Slugs, landscape fabric, and blossom-end rot, oh my!

OK, I admit it. I gave you a bum steer about slugs in my last column. I wrote that using beer as bait to kill the slimey, leaf-destroying creatures doesn’t work. Have you heard this theory? You’re supposed to put a shallow cup or saucer full of beer next to plants being ravaged by slugs so when they slide over for a taste (slugs supposedly love beer) they fall in and drown. End of slug problem. Well, it hasn’t worked for me. But several readers e-mailed to let me know the trap has worked just fine for them.

So I did some research on the subject and discovered two important things thanks to Jeff Gillman’s great book, “The Truth About Garden Remedies: What Works, What Doesn’t & Why.”

First, not all species of slugs are attracted to beer. Second, as Gillman so aptly puts it, “a poorly designed beer trap will attract a slug without actually trapping it.” Ah-ha! Turns out, I was setting my little dishes of beer on the ground, which meant the slugs probably couldn’t climb up the side to have a drink (and die, of course). If you want this to work, you have to make sure the lip of your cup or dish is even with the surface of the soil. Gillman also suggests that the beer be about an inch below the top of the cup so slugs have to lean out a bit to get it, ensuring that they’ll lose their balance and tumble in. (I know this sounds horrible. I go back and forth all the time on letting the poor things live and wanting to commit mass slug murder.)

In addition to their slug-trapping stories, readers have sent several gardening questions lately, so I’ll answer some of those here. One gardener asked about landscape fabric. Should she put some down before planting her new perennial garden? Heavens no. Though you see this stuff used by professional landscape companies all the time, landscape fabric (also known as weed barrier cloth) should never be used in an area where you want to plant living things.

Not only is it completely hideous (and some of it always winds up showing), it doesn’t allow water to penetrate the soil in the same way it would normally. It also prevents adequate oxygen from getting to plant roots where it’s needed. And just wait till the day you want to move a shrub or plant something new and you have to maneuver around that thick layer of yuck.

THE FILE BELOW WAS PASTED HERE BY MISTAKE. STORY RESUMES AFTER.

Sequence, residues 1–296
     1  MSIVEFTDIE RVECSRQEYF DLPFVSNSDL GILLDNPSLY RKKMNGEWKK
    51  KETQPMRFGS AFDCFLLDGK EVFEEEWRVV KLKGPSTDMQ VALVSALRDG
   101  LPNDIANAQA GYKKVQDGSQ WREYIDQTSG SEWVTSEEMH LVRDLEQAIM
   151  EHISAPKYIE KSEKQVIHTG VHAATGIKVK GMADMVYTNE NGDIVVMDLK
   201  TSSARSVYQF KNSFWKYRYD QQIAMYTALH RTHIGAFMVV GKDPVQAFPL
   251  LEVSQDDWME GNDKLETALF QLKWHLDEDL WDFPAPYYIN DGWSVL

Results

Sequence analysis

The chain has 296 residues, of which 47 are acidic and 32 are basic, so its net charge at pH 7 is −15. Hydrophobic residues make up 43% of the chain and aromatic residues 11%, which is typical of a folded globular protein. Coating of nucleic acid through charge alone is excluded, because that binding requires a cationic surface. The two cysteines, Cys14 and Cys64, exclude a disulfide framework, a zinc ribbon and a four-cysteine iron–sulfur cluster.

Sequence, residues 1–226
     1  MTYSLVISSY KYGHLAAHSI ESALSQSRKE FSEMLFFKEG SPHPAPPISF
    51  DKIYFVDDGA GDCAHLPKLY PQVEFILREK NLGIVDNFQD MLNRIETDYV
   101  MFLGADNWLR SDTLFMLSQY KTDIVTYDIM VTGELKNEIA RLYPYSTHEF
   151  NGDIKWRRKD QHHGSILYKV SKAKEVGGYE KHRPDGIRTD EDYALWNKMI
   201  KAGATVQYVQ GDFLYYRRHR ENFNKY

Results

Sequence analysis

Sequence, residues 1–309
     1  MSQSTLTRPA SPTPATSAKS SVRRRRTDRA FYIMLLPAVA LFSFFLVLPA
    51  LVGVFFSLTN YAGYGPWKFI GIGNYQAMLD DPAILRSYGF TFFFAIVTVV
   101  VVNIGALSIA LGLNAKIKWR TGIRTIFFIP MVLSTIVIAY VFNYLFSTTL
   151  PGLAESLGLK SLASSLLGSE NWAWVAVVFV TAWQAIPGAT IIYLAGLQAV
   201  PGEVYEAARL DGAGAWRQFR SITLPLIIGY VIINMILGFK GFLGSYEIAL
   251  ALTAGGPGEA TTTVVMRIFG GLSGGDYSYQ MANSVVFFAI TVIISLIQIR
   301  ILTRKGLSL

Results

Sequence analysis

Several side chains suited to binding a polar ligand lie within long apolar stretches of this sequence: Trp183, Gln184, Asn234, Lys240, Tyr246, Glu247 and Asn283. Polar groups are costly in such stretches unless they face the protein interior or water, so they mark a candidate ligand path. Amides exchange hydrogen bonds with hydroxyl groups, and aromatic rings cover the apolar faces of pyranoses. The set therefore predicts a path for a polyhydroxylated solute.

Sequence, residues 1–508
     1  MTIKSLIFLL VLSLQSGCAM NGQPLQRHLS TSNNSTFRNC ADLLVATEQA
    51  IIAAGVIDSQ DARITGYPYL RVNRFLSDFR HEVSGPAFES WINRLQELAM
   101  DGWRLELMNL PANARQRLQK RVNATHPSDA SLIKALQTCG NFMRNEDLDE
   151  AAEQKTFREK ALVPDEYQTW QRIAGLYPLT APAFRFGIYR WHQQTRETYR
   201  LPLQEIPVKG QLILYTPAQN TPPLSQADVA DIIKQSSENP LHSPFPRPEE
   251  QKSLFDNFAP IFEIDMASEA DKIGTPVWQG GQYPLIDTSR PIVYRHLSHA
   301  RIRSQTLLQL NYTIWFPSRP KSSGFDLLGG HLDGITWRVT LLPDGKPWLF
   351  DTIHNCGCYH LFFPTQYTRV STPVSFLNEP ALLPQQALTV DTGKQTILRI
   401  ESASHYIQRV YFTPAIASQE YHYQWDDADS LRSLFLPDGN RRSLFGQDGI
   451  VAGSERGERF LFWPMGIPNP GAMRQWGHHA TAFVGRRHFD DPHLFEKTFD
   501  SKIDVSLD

If you want healthy plants, skip the landscape fabric and use mulch instead. Shredded hardwood is always a good choice, and there are several sites in Minneapolis where you can get it for free. Check out this website for a location near you: www.ci.minneapolis.mn.us/news/20030813mulchsites.asp. Shredded leaves and cocoa bean mulch also work well, particularly around annuals and perennials. It sounds like overkill, but mulch should really be 3- to 5-inches thick if it’s going to help prevent weeds and retain soil moisture.

Several readers asked about how to care for their lawns during this seemingly unending drought we’re having. While we don’t have watering restrictions in Minneapolis, so you can technically water to your heart’s content, visions of staggeringly high water bills and an awareness of the impact of one’s own water usage on the planet tends to moderate how often we reach for the hose.

If you want your grass to be green and actually growing rather than holding its own, you’ll need to make sure it gets an inch to an inch and a half of water every week. As I’ve said in the past, you can easily figure out how much an inch is by putting out a rain gauge or an empty soup can or something before you turn the sprinkler on. You can get by with less water (a half inch a week or so) if you’re just looking to keep your grass alive. Grass is tough but it can get too brown and crispy to recover. Remember, you don’t have to do any extra watering if it rains enough to keep things happy.

Another reader asked why some of her tomatoes have big, nasty black spots on the bottom. This common malady is called blossom-end rot. It usually happens when tomatoes don’t get enough calcium. While there may be plenty of calcium in the soil, the tomatoes aren’t able to take it up the way they need to. Keeping your soil evenly and consistently moist will lessen the chance that this problem will happen again.

Thanks for your questions and happy gardening.

Meleah Maynard is a Master Gardener and freelance writer, living in Linden Hills. If you’ve got a gardening question you’d like her to address in her column, you can email it to meleah@everydaygardener.com.